Micheal Luck doesn't believe in sporting fairy tales and it is probably just as well.
This annus horribilis of a season was hardly the way he wanted - or deserved - to go out, after seven seasons of sterling service at the Warriors. Injuries have ruined his campaign and the 30-year-old has also had to watch as the team has slowly unravelled in the second half of the year.
Luck would be near the top of most lists of best Australians to play at the Auckland club and few others have put their body on the line in such a fashion. However, he is philosophical about his fate.
"It's very rare for anyone to finish with a fairy tale," Luck told the Herald on Sunday. "I would have loved to finish on a high but that is not how it has happened and that is part of playing a team sport. You go through the high highs with your mates and also the low lows and it is how you come out the other side of both extremes that define your team and your club. Whilst it is hard to see at the moment - we are in a society that wants instant results - I honestly believe this place will be better off in the long run for what has happened this year."
According to Luck, this season has had distinct parallels with 2009, where the club also came off a strong finish the year before (they reached the preliminary final in 2008), only to sink to surprising new lows.
"Back then it wasn't working for us, no matter how hard we tried," remembers Luck. "We got down on confidence and started to struggle. We were also affected by injuries, though probably not as much as this year. As has been already said, if you take four senior players out of any team (Luck, Sam Rapira, Jerome Ropati and Simon Mannering), they will struggle, though that is just one element.
"The simple fact is we haven't been good enough this year, for the amount of time needed to win NRL games. We have been good enough in patches but not enough to take matches out. The NRL is such a tough competition that if you are one or two per cent off on any given day, you are going to get beaten. If you are five or 10 per cent off, like we have been the last two weeks, you get flogged."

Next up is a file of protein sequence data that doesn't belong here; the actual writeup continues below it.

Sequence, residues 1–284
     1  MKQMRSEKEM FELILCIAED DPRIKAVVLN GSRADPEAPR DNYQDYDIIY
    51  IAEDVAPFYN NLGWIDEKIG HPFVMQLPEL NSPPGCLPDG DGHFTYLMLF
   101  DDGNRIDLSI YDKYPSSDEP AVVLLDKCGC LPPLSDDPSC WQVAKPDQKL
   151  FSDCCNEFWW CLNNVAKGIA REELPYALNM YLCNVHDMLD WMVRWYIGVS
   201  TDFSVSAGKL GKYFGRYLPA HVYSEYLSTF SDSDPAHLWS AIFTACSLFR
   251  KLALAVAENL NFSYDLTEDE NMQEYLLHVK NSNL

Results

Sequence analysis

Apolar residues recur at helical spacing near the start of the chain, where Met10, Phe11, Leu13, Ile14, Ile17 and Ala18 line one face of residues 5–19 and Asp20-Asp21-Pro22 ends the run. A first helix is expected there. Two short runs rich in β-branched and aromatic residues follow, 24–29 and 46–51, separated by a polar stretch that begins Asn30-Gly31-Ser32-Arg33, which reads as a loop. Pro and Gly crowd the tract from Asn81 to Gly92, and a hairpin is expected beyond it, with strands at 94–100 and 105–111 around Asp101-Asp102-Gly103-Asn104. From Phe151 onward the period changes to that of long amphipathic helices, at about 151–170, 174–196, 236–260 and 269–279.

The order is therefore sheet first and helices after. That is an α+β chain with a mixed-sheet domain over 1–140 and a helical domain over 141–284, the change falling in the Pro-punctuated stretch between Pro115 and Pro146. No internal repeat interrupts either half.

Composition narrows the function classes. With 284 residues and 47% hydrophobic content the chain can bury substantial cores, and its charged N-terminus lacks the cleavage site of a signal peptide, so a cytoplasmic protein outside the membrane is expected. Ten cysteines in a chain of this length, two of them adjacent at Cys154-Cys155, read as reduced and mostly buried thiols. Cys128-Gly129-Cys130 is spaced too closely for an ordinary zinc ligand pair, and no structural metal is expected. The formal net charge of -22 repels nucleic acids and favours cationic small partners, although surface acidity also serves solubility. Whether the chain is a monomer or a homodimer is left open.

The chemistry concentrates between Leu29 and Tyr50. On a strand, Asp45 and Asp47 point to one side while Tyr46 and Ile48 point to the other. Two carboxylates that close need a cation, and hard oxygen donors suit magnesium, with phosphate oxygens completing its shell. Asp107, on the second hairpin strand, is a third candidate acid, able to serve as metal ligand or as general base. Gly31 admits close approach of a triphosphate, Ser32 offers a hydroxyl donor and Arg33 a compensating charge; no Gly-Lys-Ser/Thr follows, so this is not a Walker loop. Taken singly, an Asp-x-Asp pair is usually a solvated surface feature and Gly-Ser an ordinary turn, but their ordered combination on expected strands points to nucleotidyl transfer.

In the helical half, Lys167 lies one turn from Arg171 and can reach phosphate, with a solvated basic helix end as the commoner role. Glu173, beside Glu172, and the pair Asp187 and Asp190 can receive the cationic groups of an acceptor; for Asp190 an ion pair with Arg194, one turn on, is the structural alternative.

Luck also believes it is partly a product of the NRL's stringent salary cap, which can create a boom and bust cycle. Certainly the Warriors are not the only team in recent years to suffer a dramatic fall from grace after reaching a grand final. Parramatta made the decider in 2009, only to miss the finals and finish 12th the following season. Another recent example came with the Roosters, who were grand finalists in 2010 but fell to 11th last year. However, the Warriors did manage to keep all the players they wanted to and the signing of Nathan Friend was meant to be the icing on the cake.
"We had pretty high expectations of how we were going to go this year," says Luck, "especially after doing so well over the last two years. That has made it much tougher to take but they will learn."
As Luck points out, most of the young players in the club have known nothing but success, having come through the all-conquering Toyota Cup side of the last two seasons.
"This is the first time they have had to deal with losing and play with some degree of failure," says Luck.
For now though, Luck is focused on turning the ship around, in the short-term at least. Probably more than anyone else, Luck is desperate to win today, determined to end his career on a high.
"I know a lot of people are talking about next year but we still have three games to go," says Luck. "These are the last three games of my life and I would like to win them. I want to finish on a good note and it is up to me to lift the boys to come with me and enjoy the last three weeks of my career and go out with a smile."
Penrith will be a tricky but highly beatable opponent today. The Warriors have won the past four clashes between the two teams and five out of the last eight.